Of course, there are risks involved as well. The more Bitcoin users, the greater the chance for theft. There are several high profile examples of Bitcoin theft that have been in the news recently.
For example, in February 2014, Mt. Gox, a large Bitcoin exchange system collapsed after the website went offline and reported that approximately $400 million Bitcoins had gone missing. At the time, the founder, Mark Karpeles, reported that there was a bug in the system that had affected transactions. However, in August 2015, Karpeles was arrested in Tokyo after evidence surfaced of embezzlement, issues with coding, and price manipulation. According to one report, the incident serves as a “cautionary tale for anyone with dreams of unregulated digital finance.”
It doesn’t necessarily have to be theft at an exchange company either. Any individual only needs to make small mistake to lose their cryptocurrency. In December 2013, Bloomberg TV did a segment explaining Bitcoins. One anchor gave his co-anchors a Bitcoin gift certificate on the air. Showing the audience what the gift certificate looked like was enough for one viewer to pause the show, scan the QR code, access the private key, and steal the gift certificate money. The thief posted his success online and offered to give the anchor back his Bitcoins, but the man declined saying it was a good security warning for others.
Protection Against the Risks
As a reaction to the small and large theft incidents that have occurred with the increasing usage and popularization of cryptocurrencies, regulators and insurance companies have stepped in to protect consumers.
In 2014, the IRS issued a report on currency guidance which applied directly to cryptocurrencies like Bitcoin. The notice stated that exchanges with this type of currency should be treated the same as national currencies for tax purposes. This includes reporting wages and other payments that use a currency that “operates like ‘real’ currency.”
Other attempts to impose regulations include a company still in development called Gemini that seeks to become the first US Bitcoin exchange to be regulated. Also, the state of New York has also issued its own requirements. By August 8 2015, cryptocurrency companies that offer services to New York residents need to apply for a BitLicense. New York is the first state to try to regulate Bitcoin and other companies. They want to protect local customers from instances like fraud and money laundering.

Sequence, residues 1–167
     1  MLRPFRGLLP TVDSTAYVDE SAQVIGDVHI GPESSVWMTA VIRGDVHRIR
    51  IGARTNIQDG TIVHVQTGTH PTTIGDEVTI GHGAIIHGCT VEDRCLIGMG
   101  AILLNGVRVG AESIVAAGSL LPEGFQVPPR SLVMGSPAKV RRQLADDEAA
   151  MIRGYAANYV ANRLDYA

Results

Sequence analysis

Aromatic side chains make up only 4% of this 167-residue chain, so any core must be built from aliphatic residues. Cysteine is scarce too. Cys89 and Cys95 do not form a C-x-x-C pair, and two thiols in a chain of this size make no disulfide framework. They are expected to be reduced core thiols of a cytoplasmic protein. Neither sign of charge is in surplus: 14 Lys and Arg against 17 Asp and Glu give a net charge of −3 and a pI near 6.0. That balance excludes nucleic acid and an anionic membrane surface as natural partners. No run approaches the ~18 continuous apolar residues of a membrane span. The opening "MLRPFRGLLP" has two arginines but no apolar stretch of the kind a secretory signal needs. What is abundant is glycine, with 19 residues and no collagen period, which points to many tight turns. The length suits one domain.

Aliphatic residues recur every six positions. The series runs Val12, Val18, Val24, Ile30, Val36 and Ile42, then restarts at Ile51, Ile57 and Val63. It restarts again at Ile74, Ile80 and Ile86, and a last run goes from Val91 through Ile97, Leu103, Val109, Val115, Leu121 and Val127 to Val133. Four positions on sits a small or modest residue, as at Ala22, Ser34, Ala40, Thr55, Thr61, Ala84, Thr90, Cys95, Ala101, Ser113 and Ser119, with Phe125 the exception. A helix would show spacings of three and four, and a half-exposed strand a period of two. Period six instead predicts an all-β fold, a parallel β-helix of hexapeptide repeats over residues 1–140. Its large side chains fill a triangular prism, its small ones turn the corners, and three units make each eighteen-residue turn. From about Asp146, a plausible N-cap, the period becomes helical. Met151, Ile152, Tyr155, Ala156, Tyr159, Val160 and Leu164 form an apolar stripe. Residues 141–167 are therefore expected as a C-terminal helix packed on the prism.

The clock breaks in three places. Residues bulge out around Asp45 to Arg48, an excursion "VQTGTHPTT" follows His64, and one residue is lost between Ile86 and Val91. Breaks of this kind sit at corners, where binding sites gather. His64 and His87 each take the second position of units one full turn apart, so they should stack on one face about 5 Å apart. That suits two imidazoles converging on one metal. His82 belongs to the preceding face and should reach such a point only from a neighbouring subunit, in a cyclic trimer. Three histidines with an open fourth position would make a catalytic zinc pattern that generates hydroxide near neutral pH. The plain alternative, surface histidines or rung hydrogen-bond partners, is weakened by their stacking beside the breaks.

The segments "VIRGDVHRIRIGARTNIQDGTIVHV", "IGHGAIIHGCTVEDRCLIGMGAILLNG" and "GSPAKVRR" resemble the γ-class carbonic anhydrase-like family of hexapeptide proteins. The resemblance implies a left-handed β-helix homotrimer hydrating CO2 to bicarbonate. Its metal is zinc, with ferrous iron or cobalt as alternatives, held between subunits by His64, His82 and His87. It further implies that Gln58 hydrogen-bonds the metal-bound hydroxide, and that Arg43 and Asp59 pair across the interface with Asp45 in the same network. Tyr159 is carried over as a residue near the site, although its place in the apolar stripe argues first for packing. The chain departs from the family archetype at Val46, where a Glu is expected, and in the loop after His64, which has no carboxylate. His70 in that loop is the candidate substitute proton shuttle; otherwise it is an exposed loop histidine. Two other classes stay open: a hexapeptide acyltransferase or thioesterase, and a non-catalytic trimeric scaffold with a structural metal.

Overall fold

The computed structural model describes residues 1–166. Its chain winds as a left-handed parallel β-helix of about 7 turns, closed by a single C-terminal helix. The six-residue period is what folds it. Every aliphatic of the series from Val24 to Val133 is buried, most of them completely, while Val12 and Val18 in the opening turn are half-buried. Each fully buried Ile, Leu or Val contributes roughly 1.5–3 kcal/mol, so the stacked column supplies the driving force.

A few insurance companies and cryptocurrency exchanges have also attempted to safeguard consumers. The Great American Insurance Company now offers insurance to commercial and government clients through their Fidelity/Crime Division. The insurance protects against “employee dishonesty, money and securities, forgery and computer fraud.”
The exchange companies Elliptic, Xapo, and Coinbase offer some protection in exchange for an additional fee. They claim to be backed by insurance companies, but they haven’t released complete details about these partnerships. BitGo has partnered with the XL Group of insurance companies to offer their customers monetary protection from theft as well as internal issues at BitGo like employee dishonesty.
As insurance companies explore the possibility of creating policies for cryptocurrency holders, Lloyd’s of London issued a report in June 2015 offering additional information. Their report, titled “Bitcoin—Risk factors for insurance” detailed the risks to using or operating with Bitcoins. They state that. “Bitcoin businesses continue to face dynamic threats regardless of their security practices.”
The Lloyd’s report offers unique advice to insurance companies. Rather than continue the underwriting practice of assessing the history of a Bitcoin exchange in order to determine the risk factors and costs for insuring, they should do the exact opposite. As cryptocurrencies expand and change, insurance companies should watch these developments and attempts to improve security as a way to measure the risks.
Time will only tell what insurance companies and regulators decide as they enter into to world of cryptocurrency. As stated by Ty Sagalow, president of Innovation Insurance Group, CEO of Bitcoin Financial Group, and former chief underwriting officer and chief innovation officer at AIG, “Bitcoin theft is fundamentally a cyber risk – there are elements of crime, there are elements of professional liability – so it’s a series of types of coverages put together in a new format and applied to a whole new industry.”